5 Critical Drivers to Enable Successful Self-Service Analytics
By following the frameworks in this blog, organizations can achieve success in implementing a data curation process that supports their culture and business goals
Join the DZone community and get the full member experience.Join For Free
We are now seeing a transformation in the world of data, where the tension between the old world (single source of truth data warehouses with top-down data governance) and the new world (distributed, self-service analytics with grassroots management) is occurring. In organizations of all sizes, self-service reporting and analysis is becoming the norm. Where previously, people were given data in the form of a packaged report; today, people are free to discover and freely explore their own data.
Data curation is emerging as a technique to support data governance, especially in data-driven organizations. As self-service data visualization tools have taken off, more business users across organizations are discovering and transforming their own data to help make critical business decisions. Sharing the nuances and best practices of how to use data becomes ever more critical in this environment.
Finding the Path to Successful Data Curation
Getting started with data curation, however, can be a challenging endeavor due to the broad distribution of data knowledge across an organization. Pieces of data knowledge are often spread across Wiki pages, data dictionaries, email, chat, social, and raw web content, which the data curator needs to identify, understand, and propagate. Some challenges for the data curator include:
- Documentation. The priorities of what data to document aren’t initially obvious. Data knowledge is distributed in too many places, and the data is changing too rapidly. The velocity of data growth outpaces the rate at which people can be assigned to document knowledge of the data.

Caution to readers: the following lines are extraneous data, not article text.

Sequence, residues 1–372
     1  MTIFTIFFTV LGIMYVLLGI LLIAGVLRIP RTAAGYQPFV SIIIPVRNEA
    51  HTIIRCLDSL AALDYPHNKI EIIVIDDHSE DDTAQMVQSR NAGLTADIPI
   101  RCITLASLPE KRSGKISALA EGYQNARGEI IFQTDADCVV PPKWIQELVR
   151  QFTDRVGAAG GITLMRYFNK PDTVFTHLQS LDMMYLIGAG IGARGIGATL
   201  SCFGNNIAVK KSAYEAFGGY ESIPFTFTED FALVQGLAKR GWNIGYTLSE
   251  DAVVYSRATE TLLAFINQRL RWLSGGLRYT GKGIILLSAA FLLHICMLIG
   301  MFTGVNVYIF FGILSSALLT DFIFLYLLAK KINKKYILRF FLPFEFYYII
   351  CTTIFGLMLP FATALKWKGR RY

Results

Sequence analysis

- Propagation. It is hard to make data knowledge easily discoverable at the right point of time. The periodicity of use of data is not always predictable and data assets are often redundantly replicated in different formats and in multiple storage locations.
- Data quality. It is hard to distinguish the high-quality data from resources which are inaccurate or stale. Doing so often requires subject matter expertise in the business function associated with that data. It can be nearly impossible for a non-expert to know which data source is the accurate one.
- Data definitions. Even an accurate, up-to-date data asset can be used in different ways by different teams. For instance, a product team might analyze clickstream data in two-minute intervals whereas the marketing team might consider two-day sessions. Both methods are valid but results in different numbers for the same metric.
The consumer world of the Internet faced similar challenges. Initially, we expected machines to do the lion’s share of the work to automate all Internet content, ensure that it was accurate, and propagate it to the masses. What we now know is that curation needs human input, especially when it comes to evaluating and labeling the quality of content. We can’t completely automate curation. Organizations on a self-service analytics path need to identify where humans must offer input and where computers can automatically document.
As important as the role of data curator is to self-service analytics, data curation best practices are still in their infancy. Organizations are experimenting with how to integrate machines into the data curation process yet still give data curators the appropriate amount of control. Here are some steps to finding your organization’s optimal balance between humans and machines in data curation:
Browse the Data
This is a big task to do; it is impossible for one person to manually search through all sources of data to find those of the highest interest or importance. Just starting with a list of all database sources would be overwhelming, let alone knowing all of the tables within these sources. But it might not be necessary to browse all of your data first. Machines can be effectively trained to pattern match and find the most important data. Utilizing Machine Learning can save a data curator, and an organization, a tremendous amount of time.
Create Context for Data Knowledge